"Workplace safety – eye protection and safety glasses."October 16, 2009 by Mike Strawbridge
The most common form of eye protection is safety glasses. I have always hated wearing safety glasses myself. I notice that people who have well fitted prescription safety glasses tend to wear theirs without compliant. I think that is because they can see better with their glasses on that with them off. I am the opposite however. I can see better without my safety glasses so I hate wearing them.
So how do you protect the eyes of people like me who are going to avoid wearing their safety glasses if they can get away with it?
First you can work to eliminate the hazards. Why do you allow things that could potentially damage someone’s eye to be flying around in the first place. Look to engineering solutions to change your process so that potential hazards are eliminated.
Also look at your work procedures. Is there another way of doing this tasks that eliminates the exposure to potential eye injury?
If the source of the danger cannot be eliminated, look into ways to effectively guard the exposure. There are many ways to create see through guards and covers that would protect the employees for flying particles. The usual problem with these is that they get obscured with dirt and scratches and the vision through the guard is reduced until it becomes ineffective.
Using modern materials and self cleaning systems, vision through the guards can be maintained. You just have to use some creativity. A good strong preventive maintenance program helps too.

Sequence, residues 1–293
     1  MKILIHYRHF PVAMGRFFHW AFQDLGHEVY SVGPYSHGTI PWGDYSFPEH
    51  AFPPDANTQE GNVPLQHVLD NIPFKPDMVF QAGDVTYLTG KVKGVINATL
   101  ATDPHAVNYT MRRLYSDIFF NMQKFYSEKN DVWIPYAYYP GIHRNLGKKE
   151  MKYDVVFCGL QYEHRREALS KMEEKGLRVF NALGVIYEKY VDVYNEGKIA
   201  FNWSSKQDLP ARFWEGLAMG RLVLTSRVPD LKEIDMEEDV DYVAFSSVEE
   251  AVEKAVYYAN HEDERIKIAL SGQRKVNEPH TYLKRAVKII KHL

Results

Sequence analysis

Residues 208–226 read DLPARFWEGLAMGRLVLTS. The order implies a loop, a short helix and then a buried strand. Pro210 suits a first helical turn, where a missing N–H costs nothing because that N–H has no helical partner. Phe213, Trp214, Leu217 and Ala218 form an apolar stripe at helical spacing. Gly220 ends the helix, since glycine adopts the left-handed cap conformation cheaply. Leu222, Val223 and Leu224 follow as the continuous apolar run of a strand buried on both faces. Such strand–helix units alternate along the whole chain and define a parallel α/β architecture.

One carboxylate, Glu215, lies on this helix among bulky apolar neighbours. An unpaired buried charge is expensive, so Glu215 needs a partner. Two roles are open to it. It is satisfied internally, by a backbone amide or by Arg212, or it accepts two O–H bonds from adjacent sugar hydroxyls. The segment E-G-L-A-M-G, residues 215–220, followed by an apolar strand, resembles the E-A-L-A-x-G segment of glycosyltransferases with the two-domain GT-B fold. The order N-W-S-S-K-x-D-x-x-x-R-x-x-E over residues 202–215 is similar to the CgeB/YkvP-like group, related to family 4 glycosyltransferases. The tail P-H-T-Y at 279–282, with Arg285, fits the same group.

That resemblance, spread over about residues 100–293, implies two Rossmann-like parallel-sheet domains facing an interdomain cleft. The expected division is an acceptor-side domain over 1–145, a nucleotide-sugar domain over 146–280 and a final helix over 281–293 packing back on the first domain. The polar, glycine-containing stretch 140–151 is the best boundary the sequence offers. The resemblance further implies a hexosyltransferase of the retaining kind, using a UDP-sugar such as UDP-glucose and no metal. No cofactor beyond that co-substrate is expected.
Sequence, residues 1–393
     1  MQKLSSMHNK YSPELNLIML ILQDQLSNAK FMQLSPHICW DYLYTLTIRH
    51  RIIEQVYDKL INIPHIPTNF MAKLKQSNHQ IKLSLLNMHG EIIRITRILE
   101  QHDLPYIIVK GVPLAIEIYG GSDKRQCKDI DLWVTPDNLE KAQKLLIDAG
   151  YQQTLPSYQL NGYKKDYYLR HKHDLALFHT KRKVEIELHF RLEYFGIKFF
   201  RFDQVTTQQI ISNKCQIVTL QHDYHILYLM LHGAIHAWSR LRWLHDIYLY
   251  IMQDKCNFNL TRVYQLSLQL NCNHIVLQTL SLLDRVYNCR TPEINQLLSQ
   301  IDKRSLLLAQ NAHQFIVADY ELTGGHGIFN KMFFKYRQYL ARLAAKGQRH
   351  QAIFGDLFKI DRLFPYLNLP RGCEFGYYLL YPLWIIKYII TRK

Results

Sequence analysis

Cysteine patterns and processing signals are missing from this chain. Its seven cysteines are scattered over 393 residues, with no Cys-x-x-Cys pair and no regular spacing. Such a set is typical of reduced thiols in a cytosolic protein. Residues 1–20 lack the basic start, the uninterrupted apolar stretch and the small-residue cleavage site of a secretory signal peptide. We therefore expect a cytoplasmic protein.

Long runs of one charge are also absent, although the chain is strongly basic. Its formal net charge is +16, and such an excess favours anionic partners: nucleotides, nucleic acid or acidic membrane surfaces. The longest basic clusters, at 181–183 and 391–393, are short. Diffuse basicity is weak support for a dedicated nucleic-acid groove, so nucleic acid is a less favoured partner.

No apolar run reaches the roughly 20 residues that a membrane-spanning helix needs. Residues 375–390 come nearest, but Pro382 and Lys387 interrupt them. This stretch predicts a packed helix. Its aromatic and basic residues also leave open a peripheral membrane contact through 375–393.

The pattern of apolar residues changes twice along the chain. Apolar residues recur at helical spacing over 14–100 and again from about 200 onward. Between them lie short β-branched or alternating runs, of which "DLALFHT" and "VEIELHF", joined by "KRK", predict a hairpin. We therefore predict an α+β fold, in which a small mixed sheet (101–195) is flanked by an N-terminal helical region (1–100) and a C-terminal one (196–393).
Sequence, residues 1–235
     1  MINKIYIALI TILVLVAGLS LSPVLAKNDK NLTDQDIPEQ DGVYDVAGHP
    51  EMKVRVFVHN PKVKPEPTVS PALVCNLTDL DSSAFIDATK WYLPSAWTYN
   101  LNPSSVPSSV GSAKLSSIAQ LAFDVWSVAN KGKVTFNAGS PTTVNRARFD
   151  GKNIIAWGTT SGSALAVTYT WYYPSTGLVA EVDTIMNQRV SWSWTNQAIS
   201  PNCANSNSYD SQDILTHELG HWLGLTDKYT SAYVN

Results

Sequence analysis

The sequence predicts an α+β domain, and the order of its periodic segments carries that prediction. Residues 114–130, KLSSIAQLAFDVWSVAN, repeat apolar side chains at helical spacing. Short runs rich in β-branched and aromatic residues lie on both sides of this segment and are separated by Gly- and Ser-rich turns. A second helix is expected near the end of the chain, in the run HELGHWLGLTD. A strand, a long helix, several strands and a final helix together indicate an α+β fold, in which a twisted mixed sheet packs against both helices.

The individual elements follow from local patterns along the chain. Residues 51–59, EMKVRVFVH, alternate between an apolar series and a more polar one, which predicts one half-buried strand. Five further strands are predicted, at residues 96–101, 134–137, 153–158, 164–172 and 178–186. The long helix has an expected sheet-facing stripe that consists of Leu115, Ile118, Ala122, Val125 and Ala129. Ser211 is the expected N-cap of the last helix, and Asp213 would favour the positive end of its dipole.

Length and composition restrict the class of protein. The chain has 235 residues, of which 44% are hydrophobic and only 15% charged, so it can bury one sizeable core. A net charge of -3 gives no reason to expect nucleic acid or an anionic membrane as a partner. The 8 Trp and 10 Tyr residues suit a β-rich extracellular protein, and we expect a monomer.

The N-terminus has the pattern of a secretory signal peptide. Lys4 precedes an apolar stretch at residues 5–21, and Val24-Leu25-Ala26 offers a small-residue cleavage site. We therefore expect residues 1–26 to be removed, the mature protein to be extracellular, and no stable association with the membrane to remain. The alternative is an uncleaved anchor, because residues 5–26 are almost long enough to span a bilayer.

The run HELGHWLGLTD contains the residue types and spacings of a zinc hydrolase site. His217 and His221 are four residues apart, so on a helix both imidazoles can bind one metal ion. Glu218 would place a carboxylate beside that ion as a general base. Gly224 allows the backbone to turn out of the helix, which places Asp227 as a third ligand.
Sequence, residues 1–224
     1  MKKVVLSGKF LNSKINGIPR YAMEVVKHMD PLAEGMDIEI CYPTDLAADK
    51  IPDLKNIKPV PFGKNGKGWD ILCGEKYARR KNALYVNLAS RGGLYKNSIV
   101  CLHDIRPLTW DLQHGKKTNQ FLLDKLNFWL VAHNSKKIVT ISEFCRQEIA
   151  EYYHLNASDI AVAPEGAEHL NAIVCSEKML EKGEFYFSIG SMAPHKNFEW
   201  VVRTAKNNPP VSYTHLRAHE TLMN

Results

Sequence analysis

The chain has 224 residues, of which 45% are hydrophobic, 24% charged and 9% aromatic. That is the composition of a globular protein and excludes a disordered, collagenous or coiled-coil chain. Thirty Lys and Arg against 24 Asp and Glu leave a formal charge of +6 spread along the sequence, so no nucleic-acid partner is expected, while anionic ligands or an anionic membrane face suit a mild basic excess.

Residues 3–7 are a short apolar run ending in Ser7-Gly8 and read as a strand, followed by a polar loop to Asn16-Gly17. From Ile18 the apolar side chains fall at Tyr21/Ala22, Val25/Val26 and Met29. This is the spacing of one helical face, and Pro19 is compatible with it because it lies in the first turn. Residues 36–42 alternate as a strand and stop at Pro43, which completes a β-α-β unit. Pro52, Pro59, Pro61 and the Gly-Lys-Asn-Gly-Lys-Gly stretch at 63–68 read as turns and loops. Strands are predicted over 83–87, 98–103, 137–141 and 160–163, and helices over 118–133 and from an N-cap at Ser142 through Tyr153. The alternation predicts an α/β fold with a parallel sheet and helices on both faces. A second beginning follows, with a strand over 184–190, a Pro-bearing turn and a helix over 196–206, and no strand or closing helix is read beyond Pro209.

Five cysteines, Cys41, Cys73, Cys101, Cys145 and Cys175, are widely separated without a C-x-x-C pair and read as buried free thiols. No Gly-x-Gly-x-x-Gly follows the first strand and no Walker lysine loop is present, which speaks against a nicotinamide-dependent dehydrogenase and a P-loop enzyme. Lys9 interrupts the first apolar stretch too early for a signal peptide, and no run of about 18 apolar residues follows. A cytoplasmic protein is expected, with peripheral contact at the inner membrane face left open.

If chemical exposure is a problem look into using alternate chemical that are not eye irritants. Safety glasses actually provide very little protection to chemical splashes. If you are trying to protect employees from chemical hazards, fitted goggles or face shields are much more effective.
Of course eye wash stations cannot be overlooked in any situation where eye irritants are in the workplace. Eyewash station must be easily accessible and never allowed to be blocked. Be sure you can access the eye wash station with your eyes closed as a potential user will likely not be able to see.
Keep your eye wash station clean and flush them regularly. Water pipes that feed them may rust or corrode due to infrequent water flow, so make sure that the water source is clean and possibly filtered is debris in the water is a problem. Inspect and flush all your eye wash stations at least monthly.
Another was to help people like me who hate to wear safety glasses is to provide plenty of eye glass cleaning stations equipped with effective eye glass cleaning supplies. I have found I can tolerate clean glasses much better that smudged ones.
Eyesight is a precious resource and needs to be preserved with great care. Ensure that you have done all that you can do to help your employees see clearly.
Mike Strawbridge October 16, 2009
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